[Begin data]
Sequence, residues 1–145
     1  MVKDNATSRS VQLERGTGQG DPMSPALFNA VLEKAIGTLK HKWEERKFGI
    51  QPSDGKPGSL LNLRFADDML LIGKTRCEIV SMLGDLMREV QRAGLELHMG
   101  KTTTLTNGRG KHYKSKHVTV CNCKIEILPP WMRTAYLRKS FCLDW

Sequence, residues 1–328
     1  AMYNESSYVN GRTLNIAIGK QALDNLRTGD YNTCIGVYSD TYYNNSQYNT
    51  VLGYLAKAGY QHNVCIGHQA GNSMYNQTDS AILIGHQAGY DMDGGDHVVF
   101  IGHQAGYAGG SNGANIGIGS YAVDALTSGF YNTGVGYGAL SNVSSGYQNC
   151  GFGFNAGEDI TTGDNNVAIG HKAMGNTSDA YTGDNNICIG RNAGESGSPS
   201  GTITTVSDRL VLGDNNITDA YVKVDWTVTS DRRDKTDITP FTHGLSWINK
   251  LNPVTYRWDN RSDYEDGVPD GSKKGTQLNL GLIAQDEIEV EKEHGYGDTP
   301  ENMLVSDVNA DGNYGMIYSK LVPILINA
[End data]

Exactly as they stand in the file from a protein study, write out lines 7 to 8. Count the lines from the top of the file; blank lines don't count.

    51  VLGYLAKAGY QHNVCIGHQA GNSMYNQTDS AILIGHQAGY DMDGGDHVVF
   101  IGHQAGYAGG SNGANIGIGS YAVDALTSGF YNTGVGYGAL SNVSSGYQNC